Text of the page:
Research supported by Parkinson's UK has identified a medicine used to treat tapeworm infections which could lead to new treatments for people with Parkinson's.
What the new research shows
Researchers at Cardiff and Dundee Universities have discovered that a drug called niclosamide increases the activity of a key protein, called PINK1, inside brain cells.
The team studied the effects of niclosamide, which is approved for treating tapeworm infections, and similar molecules on cells grown in a dish in the lab.
The research is published today in the journal ChemBioChem.
How activating PINK1 could slow Parkinson's
PINK1 is a protein found inside cells which plays an important role in recycling damaged mitochondria - the power houses of the cell.
Research has shown that damaged mitochondria build up inside affected brain cells in Parkinson's, and that mutations in the PINK1 gene cause a rare inherited form of the condition.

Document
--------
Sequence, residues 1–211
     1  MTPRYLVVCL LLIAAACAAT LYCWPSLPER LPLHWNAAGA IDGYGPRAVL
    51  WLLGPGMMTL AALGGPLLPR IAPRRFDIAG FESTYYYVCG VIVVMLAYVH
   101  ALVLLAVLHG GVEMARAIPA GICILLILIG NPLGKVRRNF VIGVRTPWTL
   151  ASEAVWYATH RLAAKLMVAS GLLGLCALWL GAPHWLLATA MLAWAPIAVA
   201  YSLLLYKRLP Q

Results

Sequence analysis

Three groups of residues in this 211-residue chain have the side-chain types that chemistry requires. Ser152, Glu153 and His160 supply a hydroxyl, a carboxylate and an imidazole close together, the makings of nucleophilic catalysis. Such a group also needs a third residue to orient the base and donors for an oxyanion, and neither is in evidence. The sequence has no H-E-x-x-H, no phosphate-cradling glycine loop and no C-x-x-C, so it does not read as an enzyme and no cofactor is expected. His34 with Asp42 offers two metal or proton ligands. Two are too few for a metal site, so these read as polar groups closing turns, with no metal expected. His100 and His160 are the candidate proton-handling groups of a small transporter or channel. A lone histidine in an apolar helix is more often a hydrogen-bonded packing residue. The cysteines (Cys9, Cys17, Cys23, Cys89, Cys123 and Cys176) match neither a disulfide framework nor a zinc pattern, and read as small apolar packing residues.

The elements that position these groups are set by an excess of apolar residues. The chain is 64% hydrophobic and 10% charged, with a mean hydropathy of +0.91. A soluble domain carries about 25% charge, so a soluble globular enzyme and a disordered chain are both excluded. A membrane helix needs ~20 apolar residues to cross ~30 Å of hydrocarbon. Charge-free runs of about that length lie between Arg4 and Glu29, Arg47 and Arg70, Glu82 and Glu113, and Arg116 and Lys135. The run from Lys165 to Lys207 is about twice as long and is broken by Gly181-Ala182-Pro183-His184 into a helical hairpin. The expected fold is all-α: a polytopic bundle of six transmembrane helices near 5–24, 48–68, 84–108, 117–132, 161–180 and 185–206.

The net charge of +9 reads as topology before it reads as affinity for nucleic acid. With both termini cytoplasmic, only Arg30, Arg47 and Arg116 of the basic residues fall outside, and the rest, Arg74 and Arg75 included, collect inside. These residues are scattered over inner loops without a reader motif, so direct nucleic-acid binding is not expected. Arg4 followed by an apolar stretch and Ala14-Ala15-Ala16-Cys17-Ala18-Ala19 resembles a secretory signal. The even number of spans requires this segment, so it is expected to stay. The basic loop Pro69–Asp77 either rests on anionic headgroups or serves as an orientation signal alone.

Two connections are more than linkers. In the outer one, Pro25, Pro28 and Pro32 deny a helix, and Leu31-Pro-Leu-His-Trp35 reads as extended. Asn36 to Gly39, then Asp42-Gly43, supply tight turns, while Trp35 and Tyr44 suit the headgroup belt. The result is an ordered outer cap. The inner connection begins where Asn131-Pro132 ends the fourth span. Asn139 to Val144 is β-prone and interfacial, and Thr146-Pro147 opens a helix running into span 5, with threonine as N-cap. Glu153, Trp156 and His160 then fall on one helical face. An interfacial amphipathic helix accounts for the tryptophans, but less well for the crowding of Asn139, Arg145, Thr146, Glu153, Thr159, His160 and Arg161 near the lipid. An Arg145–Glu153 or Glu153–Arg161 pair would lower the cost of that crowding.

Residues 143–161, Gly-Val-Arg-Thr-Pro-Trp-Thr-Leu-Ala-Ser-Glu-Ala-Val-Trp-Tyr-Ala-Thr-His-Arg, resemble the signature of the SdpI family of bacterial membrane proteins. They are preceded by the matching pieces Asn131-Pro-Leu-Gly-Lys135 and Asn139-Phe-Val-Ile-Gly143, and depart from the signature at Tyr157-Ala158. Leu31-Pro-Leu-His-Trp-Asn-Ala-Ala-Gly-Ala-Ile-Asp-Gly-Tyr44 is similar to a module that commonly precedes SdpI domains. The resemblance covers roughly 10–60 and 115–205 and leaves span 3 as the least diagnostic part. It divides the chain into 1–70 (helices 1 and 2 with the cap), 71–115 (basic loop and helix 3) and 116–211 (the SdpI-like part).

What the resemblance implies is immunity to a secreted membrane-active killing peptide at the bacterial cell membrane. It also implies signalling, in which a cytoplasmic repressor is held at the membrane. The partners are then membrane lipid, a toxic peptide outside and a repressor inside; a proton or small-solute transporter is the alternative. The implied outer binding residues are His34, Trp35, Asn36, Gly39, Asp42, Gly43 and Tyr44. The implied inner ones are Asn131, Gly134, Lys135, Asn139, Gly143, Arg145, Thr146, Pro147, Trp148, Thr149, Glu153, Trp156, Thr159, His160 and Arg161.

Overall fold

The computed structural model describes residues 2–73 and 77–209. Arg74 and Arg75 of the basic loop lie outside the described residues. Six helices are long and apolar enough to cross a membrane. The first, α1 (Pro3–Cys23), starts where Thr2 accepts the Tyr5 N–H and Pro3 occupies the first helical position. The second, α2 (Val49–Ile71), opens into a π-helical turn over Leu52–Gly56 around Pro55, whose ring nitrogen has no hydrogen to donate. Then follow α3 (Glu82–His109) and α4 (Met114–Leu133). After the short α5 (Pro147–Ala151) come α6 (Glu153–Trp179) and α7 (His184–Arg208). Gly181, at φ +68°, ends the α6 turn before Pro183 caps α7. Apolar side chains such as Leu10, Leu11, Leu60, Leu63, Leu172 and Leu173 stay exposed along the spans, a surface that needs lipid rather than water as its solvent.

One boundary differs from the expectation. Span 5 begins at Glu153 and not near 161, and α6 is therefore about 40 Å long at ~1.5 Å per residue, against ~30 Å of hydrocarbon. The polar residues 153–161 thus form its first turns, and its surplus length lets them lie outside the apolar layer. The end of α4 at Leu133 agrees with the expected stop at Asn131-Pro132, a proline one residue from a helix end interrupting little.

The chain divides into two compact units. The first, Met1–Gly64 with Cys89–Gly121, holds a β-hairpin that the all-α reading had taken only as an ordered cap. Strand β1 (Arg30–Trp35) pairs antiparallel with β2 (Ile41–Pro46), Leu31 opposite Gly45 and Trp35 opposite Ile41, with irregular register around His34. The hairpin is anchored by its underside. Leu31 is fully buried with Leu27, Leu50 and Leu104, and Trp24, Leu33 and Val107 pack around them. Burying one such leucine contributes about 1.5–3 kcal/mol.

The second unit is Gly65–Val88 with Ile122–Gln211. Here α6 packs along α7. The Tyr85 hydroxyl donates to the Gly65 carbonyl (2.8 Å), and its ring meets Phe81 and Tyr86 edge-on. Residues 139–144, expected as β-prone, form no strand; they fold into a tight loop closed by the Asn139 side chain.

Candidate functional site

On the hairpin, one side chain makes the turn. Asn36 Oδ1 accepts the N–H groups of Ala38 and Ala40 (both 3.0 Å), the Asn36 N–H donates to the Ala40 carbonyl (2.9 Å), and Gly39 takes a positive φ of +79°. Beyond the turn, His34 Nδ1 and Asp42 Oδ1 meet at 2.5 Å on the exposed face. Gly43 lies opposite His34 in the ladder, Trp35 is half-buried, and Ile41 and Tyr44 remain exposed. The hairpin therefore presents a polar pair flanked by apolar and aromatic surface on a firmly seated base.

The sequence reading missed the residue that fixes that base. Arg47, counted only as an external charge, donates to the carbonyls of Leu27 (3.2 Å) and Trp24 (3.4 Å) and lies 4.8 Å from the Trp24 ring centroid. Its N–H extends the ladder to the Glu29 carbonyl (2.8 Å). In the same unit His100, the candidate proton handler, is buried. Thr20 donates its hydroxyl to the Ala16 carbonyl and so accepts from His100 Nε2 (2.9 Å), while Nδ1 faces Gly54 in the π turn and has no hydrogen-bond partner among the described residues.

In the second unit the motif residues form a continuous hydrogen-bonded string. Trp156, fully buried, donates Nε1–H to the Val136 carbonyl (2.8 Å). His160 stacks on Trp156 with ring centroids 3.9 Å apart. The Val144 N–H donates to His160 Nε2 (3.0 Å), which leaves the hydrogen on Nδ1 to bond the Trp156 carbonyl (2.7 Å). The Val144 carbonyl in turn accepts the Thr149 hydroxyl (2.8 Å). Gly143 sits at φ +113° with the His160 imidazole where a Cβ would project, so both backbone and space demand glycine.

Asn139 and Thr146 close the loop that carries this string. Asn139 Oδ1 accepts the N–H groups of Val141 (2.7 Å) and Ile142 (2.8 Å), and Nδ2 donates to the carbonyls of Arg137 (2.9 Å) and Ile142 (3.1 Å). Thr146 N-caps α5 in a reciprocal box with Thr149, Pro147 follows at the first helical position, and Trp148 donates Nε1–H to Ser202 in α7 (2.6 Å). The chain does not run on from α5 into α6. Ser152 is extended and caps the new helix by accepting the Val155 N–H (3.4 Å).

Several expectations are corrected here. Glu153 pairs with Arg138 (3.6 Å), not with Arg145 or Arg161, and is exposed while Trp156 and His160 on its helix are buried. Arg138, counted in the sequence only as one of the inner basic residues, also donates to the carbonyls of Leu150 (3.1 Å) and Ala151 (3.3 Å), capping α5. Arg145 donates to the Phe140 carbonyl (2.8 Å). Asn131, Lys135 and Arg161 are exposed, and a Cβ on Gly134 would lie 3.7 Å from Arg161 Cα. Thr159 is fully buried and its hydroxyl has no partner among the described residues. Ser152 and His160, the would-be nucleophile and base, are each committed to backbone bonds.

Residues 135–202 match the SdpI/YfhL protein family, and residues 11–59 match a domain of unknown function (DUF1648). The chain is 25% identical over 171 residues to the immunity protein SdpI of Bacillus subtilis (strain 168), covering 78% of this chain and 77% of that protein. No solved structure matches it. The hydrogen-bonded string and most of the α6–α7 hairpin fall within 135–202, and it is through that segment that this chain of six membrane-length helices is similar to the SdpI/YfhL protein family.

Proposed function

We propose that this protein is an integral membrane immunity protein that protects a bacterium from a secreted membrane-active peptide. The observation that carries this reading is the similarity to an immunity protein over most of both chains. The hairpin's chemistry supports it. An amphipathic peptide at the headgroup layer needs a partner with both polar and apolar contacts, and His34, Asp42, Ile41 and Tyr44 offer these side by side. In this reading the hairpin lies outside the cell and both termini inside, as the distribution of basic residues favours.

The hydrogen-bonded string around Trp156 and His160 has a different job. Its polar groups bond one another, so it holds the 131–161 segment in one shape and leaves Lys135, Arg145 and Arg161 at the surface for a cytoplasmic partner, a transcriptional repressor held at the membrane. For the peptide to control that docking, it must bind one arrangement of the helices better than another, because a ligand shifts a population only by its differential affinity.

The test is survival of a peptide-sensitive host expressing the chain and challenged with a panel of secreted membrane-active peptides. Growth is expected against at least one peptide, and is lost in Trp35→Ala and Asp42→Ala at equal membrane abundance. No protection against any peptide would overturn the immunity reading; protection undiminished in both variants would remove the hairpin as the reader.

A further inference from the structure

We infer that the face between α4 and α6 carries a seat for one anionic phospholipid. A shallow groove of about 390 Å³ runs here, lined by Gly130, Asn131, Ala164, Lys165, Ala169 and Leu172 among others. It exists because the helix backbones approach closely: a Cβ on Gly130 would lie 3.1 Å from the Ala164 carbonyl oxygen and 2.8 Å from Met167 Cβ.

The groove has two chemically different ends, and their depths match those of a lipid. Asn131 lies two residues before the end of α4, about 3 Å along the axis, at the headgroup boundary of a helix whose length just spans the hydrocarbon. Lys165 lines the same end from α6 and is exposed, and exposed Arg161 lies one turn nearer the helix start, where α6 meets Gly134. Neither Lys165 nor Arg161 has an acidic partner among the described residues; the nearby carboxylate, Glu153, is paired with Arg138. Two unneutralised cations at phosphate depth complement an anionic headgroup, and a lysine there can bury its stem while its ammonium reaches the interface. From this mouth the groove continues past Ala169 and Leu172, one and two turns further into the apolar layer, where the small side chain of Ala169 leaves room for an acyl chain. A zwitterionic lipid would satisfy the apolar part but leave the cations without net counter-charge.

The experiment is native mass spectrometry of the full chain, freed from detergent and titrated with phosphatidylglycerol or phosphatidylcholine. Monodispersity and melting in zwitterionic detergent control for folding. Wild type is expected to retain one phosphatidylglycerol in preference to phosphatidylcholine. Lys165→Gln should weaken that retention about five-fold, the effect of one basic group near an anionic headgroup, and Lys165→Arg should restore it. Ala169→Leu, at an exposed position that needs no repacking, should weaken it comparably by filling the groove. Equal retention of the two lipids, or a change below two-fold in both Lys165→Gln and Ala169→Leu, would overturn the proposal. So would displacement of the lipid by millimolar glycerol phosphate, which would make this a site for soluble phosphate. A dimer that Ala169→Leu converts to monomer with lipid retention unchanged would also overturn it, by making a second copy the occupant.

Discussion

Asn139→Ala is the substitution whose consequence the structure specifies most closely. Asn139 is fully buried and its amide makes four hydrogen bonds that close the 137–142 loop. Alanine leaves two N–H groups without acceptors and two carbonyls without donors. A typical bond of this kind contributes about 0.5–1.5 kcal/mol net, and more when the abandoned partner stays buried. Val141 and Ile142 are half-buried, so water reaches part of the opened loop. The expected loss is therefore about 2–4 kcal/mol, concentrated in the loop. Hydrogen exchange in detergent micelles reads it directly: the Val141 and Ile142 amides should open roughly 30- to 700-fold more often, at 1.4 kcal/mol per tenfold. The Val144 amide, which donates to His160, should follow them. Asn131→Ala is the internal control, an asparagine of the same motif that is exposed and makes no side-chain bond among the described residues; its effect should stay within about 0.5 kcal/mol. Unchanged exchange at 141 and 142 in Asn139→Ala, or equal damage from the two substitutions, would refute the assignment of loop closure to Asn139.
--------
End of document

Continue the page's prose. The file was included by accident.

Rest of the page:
This suggests that increasing PINK1 activity could protect cells from damage.
How could this lead to better treatments?
Professor David Dexter, Deputy Research Director at Parkinson's UK, comments:
"This important study has revealed that a drug already used to treat parasitic infections of the gut, niclosamide, can also elevate the protein PINK1.
“While the results are promising, we still have a long way to go. This research is at a very early stage, mainly involving cells in culture, and researchers have yet to test whether niclosamide is protective in animal models, much less humans.
“Further studies are also needed to determine whether it is safe to take niclosamide for prolonged periods: it is only given on a short-term basis to treat parasite infections in the gut, but if it is beneficial for people with Parkinson's, it would need to be administered on a long-term basis.”